The word Tsunami or ‘harbour-wave’ comes from the Japanese word ‘tsu’, which means harbour and ‘nami’ which means wave. They are commonly known as ‘killer waves’. Sounds a bit scary doesn’t it? Well you definitely wouldn’t want to be around when a tsunami happens.
A Tsunami is usually a huge amount of ocean waves which get stronger as they move along. It’s caused by pressure in the atmosphere, a volcanic explosion, an underwater earthquake or landslide or even a meteor hitting the ocean.
Volcanic explosions happen when the plates of the Earth’s crust move and crash together, which causes a build-up of pressure from the magma, which is molten rocks and gas, squeezing up between them and then rising to the surface. It eventually explodes.
Earthquakes happen when there is a huge amount of stress released from huge rocks on the Earth’s crust cracking and slipping past each other. This causes the earth to shake.
They seem to have been around for some time and go back as far as 6225-6170 BC in the North Atlantic Ocean. There was another one in Greece in 1600 BC which caused a lot of damage to the civilization on Crete at the time.
They have happened all over the world including Greece, Italy, Israel, Venezuela, Great Britain, Canada, Portugal, Taiwan, Indonesia, Chile, Newfoundland, USSR, Alaska, New Zealand and by far the most occurrences have been in Japan, that’s why the name comes from the Japanese language. Wow, that’s a lot of places that have had tsunamis.
Tsunamis are not like normal tidal waves and the water from them flows straight and with unbelievable power. Typical waves are where the water flows in circles. This might amaze you…they can travel at speeds of up to 500 miles (805 kilometres) per hour without losing energy as they go along.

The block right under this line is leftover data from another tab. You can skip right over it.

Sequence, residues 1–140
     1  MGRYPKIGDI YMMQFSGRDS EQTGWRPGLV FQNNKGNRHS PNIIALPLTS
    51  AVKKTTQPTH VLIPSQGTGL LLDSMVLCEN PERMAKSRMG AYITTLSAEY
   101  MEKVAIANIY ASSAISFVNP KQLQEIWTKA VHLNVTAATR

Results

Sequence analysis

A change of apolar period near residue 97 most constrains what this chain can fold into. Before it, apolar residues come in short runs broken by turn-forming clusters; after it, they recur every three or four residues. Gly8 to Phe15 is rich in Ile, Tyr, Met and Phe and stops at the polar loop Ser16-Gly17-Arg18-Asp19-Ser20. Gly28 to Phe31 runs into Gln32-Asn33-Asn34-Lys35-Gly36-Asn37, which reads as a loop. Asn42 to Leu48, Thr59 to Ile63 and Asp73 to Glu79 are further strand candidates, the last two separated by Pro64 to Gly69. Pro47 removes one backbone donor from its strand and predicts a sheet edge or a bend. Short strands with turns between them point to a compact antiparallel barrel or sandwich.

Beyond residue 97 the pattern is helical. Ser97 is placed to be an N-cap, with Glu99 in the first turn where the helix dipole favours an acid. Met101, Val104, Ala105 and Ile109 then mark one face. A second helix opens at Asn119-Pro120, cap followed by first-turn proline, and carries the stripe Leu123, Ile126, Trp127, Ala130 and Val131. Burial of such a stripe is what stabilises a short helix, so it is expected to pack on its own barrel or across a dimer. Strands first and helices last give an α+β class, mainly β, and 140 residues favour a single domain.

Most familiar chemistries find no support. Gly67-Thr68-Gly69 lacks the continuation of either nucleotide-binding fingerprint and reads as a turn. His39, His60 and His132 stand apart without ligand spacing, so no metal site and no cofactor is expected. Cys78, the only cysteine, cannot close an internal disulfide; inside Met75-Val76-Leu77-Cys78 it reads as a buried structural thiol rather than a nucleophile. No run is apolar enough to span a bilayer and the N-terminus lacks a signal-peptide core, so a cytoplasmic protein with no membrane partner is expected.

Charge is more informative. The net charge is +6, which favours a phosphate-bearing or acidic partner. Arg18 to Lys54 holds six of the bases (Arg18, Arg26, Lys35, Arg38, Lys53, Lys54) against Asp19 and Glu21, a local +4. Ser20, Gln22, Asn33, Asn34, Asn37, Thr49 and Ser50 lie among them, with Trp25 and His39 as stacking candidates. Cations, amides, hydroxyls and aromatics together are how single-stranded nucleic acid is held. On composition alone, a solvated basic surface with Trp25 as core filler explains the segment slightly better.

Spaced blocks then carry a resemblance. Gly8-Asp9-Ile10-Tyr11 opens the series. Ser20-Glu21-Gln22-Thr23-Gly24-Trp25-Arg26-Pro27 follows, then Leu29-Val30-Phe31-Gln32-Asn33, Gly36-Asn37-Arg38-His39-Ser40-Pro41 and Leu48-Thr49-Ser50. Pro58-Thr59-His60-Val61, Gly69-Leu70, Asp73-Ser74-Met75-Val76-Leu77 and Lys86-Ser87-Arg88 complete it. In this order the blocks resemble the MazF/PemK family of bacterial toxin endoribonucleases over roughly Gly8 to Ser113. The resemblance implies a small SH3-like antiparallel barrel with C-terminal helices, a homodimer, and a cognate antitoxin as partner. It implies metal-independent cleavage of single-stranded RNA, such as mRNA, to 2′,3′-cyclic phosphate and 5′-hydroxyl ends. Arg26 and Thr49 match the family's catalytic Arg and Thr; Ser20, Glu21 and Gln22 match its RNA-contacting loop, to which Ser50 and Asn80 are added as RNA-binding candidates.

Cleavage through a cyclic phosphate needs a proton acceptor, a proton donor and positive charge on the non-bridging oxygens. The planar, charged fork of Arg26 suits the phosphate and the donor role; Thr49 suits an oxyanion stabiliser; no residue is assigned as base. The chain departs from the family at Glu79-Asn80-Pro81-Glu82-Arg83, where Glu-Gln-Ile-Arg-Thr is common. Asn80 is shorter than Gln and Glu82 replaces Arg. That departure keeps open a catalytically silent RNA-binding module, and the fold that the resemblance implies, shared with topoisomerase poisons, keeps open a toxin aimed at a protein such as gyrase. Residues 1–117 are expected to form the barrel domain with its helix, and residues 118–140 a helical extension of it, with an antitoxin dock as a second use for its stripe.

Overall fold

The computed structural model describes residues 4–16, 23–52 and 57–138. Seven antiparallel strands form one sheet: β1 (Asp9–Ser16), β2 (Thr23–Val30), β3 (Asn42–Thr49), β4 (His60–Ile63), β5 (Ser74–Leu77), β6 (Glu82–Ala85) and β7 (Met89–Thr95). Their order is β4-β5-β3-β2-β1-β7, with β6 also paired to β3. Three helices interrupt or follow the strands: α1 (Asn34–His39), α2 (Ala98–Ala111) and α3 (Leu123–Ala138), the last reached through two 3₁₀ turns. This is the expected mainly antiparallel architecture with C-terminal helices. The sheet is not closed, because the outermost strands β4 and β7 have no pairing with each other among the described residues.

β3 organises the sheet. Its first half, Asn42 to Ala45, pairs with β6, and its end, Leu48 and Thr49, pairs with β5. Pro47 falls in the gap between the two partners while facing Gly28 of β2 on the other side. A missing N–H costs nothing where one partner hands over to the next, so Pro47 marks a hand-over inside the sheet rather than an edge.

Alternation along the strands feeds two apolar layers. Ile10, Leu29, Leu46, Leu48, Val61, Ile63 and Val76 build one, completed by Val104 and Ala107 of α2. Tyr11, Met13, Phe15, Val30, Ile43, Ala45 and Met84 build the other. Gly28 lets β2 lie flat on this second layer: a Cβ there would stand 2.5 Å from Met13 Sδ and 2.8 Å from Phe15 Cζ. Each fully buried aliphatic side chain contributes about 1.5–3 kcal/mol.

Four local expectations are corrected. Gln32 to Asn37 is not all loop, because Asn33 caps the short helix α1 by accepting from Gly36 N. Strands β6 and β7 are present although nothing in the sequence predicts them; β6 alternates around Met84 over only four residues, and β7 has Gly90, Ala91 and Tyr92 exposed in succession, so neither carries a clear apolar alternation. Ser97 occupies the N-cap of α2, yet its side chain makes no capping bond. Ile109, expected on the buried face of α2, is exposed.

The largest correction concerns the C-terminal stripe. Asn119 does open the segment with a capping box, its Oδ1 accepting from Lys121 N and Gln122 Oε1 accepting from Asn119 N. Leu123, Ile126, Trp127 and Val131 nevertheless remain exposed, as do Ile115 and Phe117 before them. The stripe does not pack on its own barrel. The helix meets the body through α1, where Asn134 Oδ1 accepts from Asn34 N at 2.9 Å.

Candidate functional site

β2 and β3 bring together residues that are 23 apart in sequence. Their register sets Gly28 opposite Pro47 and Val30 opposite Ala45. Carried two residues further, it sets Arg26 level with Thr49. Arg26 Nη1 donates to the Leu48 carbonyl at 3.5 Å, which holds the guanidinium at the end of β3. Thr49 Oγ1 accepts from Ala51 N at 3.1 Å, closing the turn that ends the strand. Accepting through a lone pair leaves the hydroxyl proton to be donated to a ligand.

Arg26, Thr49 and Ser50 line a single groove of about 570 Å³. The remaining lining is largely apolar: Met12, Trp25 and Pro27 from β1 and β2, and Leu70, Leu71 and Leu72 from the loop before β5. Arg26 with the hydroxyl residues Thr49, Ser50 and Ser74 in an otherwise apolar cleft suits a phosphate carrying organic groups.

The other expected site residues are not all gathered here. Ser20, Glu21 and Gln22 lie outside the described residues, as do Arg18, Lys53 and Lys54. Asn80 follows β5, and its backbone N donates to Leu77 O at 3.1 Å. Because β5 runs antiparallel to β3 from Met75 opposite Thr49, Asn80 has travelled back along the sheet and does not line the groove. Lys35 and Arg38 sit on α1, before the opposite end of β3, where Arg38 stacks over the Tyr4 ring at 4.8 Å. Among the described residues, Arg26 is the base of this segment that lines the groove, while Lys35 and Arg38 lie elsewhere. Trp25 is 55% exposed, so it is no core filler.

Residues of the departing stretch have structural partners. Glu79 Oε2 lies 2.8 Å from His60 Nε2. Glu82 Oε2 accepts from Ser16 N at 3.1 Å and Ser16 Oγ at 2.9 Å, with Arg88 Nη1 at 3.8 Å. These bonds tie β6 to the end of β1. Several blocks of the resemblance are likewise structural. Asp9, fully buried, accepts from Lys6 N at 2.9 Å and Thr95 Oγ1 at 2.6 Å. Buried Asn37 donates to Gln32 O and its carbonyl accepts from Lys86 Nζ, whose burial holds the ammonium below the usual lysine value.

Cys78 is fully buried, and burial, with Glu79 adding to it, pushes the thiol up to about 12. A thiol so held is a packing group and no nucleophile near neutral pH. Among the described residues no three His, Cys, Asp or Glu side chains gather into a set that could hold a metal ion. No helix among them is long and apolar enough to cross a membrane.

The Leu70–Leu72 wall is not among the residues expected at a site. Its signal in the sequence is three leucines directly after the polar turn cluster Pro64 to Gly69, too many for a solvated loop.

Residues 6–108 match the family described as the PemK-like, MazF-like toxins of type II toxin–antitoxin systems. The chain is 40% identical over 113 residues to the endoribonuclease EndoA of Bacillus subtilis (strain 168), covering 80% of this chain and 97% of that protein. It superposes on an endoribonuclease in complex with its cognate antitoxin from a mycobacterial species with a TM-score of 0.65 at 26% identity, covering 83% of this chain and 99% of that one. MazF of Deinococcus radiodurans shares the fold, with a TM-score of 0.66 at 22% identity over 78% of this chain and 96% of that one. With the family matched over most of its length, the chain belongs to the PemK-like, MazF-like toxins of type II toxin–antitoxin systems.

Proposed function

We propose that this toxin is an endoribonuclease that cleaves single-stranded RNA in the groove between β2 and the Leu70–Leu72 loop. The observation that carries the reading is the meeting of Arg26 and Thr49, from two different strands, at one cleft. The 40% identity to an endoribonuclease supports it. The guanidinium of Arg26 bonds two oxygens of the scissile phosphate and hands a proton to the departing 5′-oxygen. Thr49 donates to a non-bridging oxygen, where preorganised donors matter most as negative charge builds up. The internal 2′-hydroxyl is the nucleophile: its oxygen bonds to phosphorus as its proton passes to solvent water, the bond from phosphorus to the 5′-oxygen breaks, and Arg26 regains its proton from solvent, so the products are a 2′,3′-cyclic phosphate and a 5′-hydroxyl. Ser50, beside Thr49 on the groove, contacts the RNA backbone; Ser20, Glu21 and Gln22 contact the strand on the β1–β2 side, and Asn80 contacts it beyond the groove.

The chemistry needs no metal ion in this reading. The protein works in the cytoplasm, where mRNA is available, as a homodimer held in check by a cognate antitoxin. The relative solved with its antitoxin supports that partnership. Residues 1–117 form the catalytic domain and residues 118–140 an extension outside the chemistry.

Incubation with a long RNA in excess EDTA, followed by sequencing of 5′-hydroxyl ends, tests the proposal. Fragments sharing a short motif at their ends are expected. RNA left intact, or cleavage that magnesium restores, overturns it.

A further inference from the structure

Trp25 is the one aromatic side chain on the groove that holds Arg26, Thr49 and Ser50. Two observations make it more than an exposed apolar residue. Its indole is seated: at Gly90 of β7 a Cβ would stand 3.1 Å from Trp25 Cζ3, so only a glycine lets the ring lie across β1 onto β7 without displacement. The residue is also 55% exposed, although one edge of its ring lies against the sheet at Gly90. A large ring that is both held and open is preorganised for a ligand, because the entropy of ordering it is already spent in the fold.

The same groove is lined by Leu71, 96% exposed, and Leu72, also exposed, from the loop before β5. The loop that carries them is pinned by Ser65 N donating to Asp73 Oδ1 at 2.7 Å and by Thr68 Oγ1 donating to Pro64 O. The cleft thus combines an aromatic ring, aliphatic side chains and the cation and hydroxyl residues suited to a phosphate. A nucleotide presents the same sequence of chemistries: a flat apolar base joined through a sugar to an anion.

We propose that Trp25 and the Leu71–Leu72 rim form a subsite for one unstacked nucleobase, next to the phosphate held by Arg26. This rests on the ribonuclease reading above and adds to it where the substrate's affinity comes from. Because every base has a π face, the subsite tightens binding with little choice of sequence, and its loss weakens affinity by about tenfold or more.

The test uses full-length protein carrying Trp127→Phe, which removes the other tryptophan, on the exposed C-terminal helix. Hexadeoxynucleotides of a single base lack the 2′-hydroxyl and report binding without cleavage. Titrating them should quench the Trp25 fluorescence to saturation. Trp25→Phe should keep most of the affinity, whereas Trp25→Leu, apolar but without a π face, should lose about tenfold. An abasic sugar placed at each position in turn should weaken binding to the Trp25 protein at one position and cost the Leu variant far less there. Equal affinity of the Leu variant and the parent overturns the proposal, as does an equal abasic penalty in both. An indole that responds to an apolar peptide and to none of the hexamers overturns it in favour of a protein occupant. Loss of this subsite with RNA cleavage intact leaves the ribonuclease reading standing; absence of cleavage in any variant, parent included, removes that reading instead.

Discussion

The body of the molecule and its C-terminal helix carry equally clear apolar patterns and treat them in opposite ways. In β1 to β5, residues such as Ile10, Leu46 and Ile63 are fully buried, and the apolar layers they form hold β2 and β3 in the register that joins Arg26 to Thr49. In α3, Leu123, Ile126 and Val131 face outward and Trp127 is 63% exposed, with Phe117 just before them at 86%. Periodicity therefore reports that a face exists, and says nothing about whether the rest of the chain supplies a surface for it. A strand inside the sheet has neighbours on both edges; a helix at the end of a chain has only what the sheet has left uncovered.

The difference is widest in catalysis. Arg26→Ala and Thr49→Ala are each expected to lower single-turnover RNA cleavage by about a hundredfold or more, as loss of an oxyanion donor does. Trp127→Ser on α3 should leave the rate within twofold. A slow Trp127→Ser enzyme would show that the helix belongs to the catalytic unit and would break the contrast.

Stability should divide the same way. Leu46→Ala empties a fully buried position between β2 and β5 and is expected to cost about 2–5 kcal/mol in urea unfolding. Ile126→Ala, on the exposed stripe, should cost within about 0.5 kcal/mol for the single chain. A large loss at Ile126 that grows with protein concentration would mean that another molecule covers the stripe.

The Tsunami that hit Hawaii in 1946 was going almost as fast as a jet plane. That’s seriously fast. Because of this, their arrival can often be calculated. How big do you think a normal wave gets at a beach? Well it is normally about 3 foot (1 meter) high. Now a tsunami wave can reach a height of 100 feet (30.48 meters) high, that’s amazing. But the highest recorded one was the 1958 Lituya Bay, Alaska Megatsunami with a recorded height of 1,719 feet (524 meters). Whoa, that’s one seriously tall wave.
The Asian Tsunami in 2004 in the Indian Ocean is considered the deadliest Tsunami ever, which was caused by an earthquake with the energy of 23,000 atomic bombs! This brought with it incredibly destructive waves hitting the coastlines of eleven countries from Thailand to Africa, killing 283,000 people and wiping out cities.
The power of the water picks up aeroplanes, ships, houses and anything in its path and tosses them around like corks. Even after a Tsunami has finished, the mainland is often destroyed by a lot of salt deposits on the land so people die from hunger and disease.
Signs of a Tsunami are earth quakes, rumbling in the ground, when the sea pulls back leaving bare sand or when animals behave strangely or start leaving. That’s the time to move away from the beach and run to higher ground, not stopping to get possessions.
People survive by not trying to swim, as the current pulls you in the opposite direction. They rather try and find a floating object and hold on going where it goes with the moving current, this could be a tree trunk or piece of a building. Palm trees planted on the shore have saved people as they can survive the force of impact of the waves but often trees snap under the force of the water so climbing a tree isn’t always the best idea.
Indigenous people like the semi-nomadic Onge and the Jarawa of the South and Middle Andaman Islands generally survive Tsunamis far better than westernised populations as the wisdom of survival has been passed down through their generations.
Tsunamis can be really dangerous, but it’s an interesting geography lesson too! Do you know any other facts about Tsunamis?
Next, test your knowledge of Tsunamis by taking our Tsunami quiz – all answers can be found on this page.